Employers should allow all interested people to bid on their jobs. They should not reject or screen applicants. If they want specific qualifications like non-smokers, they should state these on the job descriptions and let the bidders know they will not be kept if they are hired and don't maintain these requirements. Paperwork should not be required until after one is hired, and even then it should be brief and simple. Employers should never ask personal questions or demand excessive or frivolous qualifications that have little or no value in their work environments.

Employers should not demand work experience or require employment histories. Instead of so much "experience," they should look for what the applicants can actually do. The applicants know, and the employers should trust them to bid accordingly. With occasional exceptions, they can expect winning bidders to be competent and do satisfactory work. An employer can turn away any applicant if his performance is anything less, and they both know it.

Sometimes an employer will be willing to pay a higher salary to get the very best applicant. This can also be done in the manner of a job auction. In this case the employer, at his own place of business, gives all the applicants a written test, a practical test, or both. These are much more effective in determining potential performance than typical time-consuming job applications that demand all too lengthy lists of previous employers, dates, and privacy-invading questions.

A test does not have to be complicated. For example, if somebody is applying for a job as a carpenter, give him a circular saw and let him cut a few boards; give him a hammer and let him drive some nails, etc. Any employer -- large or small -- can devise and administer suitable tests at little or no expense. Test all the applicants, and the one with the best score and best demonstration of performance gets the job.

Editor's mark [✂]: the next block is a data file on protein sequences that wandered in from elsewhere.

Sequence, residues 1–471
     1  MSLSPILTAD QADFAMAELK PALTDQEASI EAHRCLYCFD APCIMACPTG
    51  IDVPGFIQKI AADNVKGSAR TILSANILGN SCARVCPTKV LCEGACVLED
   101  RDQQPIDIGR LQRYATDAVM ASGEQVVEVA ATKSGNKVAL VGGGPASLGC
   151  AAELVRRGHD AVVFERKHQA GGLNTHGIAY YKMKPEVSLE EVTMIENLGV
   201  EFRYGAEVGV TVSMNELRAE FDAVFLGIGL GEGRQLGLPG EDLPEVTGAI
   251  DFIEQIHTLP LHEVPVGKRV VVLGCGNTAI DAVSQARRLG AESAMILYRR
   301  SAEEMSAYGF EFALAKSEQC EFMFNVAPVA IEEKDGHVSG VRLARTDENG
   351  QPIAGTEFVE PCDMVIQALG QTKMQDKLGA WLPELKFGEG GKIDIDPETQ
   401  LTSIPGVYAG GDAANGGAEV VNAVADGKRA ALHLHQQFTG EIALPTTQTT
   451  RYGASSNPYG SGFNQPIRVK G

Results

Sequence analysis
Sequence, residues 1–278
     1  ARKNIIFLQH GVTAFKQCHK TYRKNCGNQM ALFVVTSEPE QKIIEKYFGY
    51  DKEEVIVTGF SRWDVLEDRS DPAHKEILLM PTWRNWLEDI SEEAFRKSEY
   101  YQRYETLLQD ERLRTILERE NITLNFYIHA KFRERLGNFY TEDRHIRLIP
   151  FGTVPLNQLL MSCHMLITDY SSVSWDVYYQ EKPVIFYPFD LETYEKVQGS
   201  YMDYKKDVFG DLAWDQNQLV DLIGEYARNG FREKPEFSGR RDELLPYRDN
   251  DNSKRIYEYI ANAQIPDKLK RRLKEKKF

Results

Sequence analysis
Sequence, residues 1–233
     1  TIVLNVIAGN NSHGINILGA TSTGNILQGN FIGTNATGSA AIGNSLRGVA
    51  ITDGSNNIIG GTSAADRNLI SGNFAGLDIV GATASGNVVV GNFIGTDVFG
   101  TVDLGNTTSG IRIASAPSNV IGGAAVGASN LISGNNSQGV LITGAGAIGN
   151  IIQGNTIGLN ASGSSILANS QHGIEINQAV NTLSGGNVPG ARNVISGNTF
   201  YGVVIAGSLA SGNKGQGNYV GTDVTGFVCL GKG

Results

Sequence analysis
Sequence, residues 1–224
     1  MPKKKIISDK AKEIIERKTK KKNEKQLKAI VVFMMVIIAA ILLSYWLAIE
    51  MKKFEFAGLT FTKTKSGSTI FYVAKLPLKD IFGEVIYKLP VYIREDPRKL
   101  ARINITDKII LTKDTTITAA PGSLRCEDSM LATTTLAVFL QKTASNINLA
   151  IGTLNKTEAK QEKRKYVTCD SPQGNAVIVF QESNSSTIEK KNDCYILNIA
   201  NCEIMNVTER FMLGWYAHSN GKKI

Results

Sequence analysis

A job auction has the advantage of changing turnover from a liability to an asset. Employers who hire through the usual channels dislike it because it consumes a great deal of time to interview new applicants. But job auctions make turnover a breeze, and an employer with an unexpected vacancy can hire a new hand at the next week's auction.

Turnover is also advantageous to the employees. High turnover allows them to more quickly gravitate toward the positions for which they are most qualified and best suited.

One more advantage of a job auction is that it is discrimination-proof. It has no favoritism for race, age, sex, national origin, or any other trumped-up factors bureaucrats might conceive. It is equal opportunity at its zenith. Every bidder gets a fair and equal shot at a job, and the one who actually gets the job is nearly always the one who needs it the most.

A job auction is a win-win situation. The employer gets a first-rate worker at an acceptable wage with a minimum of time and expense. The job-seeker has a stronger voice in the decision to hire and a better and fairer opportunity for a good job with a salary he personally approved without the fruitless searching through ads, knocking on doors, filling out paperwork, or putting up with overpriced, time-consuming employment agencies.

John Martin writes from Elmore County.